ISIS combatants might soon find themselves at war with a robot.

According to Defense One, which translated an article in the Baghdad Post, Iraq military forces are preparing a robotic armed vehicle to battle the Islamic State. The vehicle, loosely named Alrobot (robot in Arabic), is about the size of a small car and fully controlled by a human as it rushes towards the enemy.

Of course, the use of unmanned vehicles to take down enemies is nothing new in warfare. Over the last several years, war-torn areas around the world have been hit with drone strikes, many of which have come from the US and other Western nations.

In this case, according to Defense One, the Alrobot was developed by two unnamed brothers. It's controlled (from up to 0.6 miles away) by a laptop that communicates with its onboard computer and tells it where to go and when to fire. Four cameras give operators a view of the robot's surroundings and control of its automatic machine gun and Katyusha rockets.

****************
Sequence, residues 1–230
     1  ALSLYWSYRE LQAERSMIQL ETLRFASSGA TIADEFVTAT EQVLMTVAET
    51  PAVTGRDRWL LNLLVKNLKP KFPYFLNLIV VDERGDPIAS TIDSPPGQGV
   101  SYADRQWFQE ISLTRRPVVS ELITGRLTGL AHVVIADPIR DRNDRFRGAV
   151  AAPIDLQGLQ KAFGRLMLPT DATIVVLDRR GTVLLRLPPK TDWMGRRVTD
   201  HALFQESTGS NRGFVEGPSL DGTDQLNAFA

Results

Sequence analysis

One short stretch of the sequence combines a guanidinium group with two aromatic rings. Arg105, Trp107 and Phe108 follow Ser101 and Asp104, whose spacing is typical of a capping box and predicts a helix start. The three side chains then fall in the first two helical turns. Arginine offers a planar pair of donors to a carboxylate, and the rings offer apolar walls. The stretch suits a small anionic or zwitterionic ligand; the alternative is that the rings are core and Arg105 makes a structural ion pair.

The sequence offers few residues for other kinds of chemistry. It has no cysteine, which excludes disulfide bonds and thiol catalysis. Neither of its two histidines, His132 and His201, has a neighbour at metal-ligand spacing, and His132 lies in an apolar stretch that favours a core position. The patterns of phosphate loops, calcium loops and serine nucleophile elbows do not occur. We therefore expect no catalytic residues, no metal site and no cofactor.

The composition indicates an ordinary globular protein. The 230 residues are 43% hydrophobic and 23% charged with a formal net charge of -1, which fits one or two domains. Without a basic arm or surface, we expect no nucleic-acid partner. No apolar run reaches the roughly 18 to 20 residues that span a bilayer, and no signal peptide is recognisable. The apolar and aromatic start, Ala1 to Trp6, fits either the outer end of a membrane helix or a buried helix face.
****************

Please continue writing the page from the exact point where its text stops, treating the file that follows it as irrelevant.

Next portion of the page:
Although it's unclear exactly how many Alrobots are currently in existence, Defense One says that at least one seems ready to fight in Mosul, where ISIS has taken over the city.

Interestingly, this wouldn't be the first robot to find its way to Iraq. In 2007, the US Army used three armed robots, called Special Weapons Obstervation Reconaissance Detection System (SWORDS). Their goal was to conduct reconaissance of the battlefield and if necessary, fire a shot on enemies. However, it's believed that they never actually fired a shot because the robot's weapon started moving when it wasn't supposed to, making it a safety threat.

This article originally appeared on PCMag.com.